First of all, they are force-feeding Ducasse to the OL coach -- who clearly doesn't want to play him -- which means the Jets are playing for the future, rather than to win now. Otherwise, they'd just play Slauson, who is better. In addition, DeGuglielmo is clearly not on the same page with his bosses. And I guess it's OK to publicly say so.

In most places, declaring how much you disagree with your bosses would be a negative. In Jets land, it only receives a shrug. To which, I'll shrug. Same story every week.

What a mess.

The Ultimate Impact Player

Recently, Yahoo! Sports came out with a story on Ravens LB Ray Lewis, discussing the apparently very real possibility that he'll return before the regular season.

It would be huge for Baltimore, which really needs its leader back. Right? Well... that's a good question. Their first game without him was a disaster, a 30-point loss to the Texans. Since then? Four straight wins with a defense allowing 14.5 points per game.

Things seem to be going well without him. Dilemma? My inclination would be to say that, since Lewis' game really had slipped before his injury, the defense and guys like linebacker Dannell Ellerbe have made up for his absence. But thinking about this deeper, it's clear Lewis means so much more than whatever happens on the field.

Listen to running back Ray Rice, speaking with Showtime's Inside the NFL: "Ray Lewis is my modern day Superman. I've seen the guy battle, battle and battle. ... To know that the guy will step on the football field this season again is amazing. I can't wait to have him back. Just having him back in our building makes me feel good."

That's why, even if the Ravens give Lewis a diminished workload and essentially allow him to play a small role in what may be his last season, I have no doubt the team will feed off it. That's probably more important than what actually happens on the field.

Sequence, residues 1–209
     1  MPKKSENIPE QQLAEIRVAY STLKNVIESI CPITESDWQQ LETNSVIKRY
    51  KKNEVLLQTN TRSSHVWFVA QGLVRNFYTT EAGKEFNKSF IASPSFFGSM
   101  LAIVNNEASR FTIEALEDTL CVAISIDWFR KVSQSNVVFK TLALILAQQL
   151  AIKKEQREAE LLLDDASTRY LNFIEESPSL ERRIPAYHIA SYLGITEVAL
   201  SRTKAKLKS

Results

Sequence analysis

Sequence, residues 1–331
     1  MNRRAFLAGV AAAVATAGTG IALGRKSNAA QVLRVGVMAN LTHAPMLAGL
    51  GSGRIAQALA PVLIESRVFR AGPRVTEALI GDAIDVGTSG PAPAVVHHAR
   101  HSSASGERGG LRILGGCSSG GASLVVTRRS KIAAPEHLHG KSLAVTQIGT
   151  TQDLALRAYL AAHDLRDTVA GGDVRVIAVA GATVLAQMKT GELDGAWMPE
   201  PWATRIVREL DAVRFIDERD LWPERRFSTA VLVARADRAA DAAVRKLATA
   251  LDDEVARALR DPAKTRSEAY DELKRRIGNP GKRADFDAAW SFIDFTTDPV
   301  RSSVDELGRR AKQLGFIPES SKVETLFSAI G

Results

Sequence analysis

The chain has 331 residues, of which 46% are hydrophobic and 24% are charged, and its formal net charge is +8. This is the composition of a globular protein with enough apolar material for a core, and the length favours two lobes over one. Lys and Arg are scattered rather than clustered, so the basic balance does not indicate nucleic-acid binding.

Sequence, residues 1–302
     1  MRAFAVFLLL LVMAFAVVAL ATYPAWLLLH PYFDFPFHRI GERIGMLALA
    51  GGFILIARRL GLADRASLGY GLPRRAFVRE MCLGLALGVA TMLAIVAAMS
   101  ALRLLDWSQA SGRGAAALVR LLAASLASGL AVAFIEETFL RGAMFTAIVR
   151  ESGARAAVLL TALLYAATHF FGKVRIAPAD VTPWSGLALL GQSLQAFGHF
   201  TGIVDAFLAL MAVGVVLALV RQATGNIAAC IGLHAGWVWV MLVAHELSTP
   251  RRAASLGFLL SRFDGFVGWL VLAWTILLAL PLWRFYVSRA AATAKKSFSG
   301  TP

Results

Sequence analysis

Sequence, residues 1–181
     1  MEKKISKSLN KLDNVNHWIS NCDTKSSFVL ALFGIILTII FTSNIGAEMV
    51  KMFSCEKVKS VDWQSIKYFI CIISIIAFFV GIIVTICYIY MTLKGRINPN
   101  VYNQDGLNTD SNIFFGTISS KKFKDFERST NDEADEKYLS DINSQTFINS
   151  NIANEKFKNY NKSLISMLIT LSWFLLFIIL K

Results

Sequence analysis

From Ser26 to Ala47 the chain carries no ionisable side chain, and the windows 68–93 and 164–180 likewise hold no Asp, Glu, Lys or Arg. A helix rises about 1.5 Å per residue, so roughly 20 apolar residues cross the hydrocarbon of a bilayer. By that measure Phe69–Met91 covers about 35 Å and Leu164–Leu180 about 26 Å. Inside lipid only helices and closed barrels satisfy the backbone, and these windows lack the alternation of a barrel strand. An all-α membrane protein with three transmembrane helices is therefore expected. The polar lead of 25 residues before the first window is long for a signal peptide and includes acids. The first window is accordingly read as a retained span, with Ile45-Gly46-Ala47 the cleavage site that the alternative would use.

Even when healthy, I believe, Lewis' impact was more on the other players rather than on the game. That will continue after he's healthy.

"Our hearts are wounded..."

I don't have anything meaningful to say about the unbelievably bad situation that happened in Kansas City on Saturday.

Chiefs linebacker Jovan Belcher, according to Kansas City police, took the life of his girlfriend and then his own. He did so after speaking with Chiefs GM Scott Pioli and coach Romeo Crennel at the team facility, walking away when police arrived. As a spokesman said, "then they heard the gunshot."

It is tragic for everyone involved. And yet, the NFL will play on.

The game will be played against the Panthers at noon Central time, a decision made in consultation with the Chiefs' captains. The Redskins played six days after Sean Taylor died, for instance, which led to the indelible 10-men-on-defense tribute.

Unfortunately and fortunately, that's what they do. Players play on. The league goes on. Families, friends do, too.

I could understand the criticism of playing a game so soon after a tragic event. But I think the more relevant response is the galvanizing one. Players bind together. Even with all the difficulties present in Kansas City, nothing has been like this.

I know it's been frustrating for Chiefs fans this year, but the losing feels much less meaningful in a time like this. Players, those in the organization, they will come together. I believe games -- even just as distractions -- can help heal. I also think in these situations, it's important to remember guys aren't just numbers on the field.

In real life, they deal with real situations like this one. While we see them on the field and in locker rooms, there is always a whole other life away from the spotlight. It's the same for teams.

Of all the things that stood out to me today, oddly, it was a Raiders statement that left me thinking. They hate the Chiefs. As bitter rivals as you can imagine. And yet, their statement said, "Our hearts are wounded by such an unimaginable tragedy in our NFL family." I can't say it any better.

When life takes a turn and it all gets very real, everyone is in this together. So much more holds these teams together than sets them apart.

Follow Ian Rapoport on Twitter @RapSheet.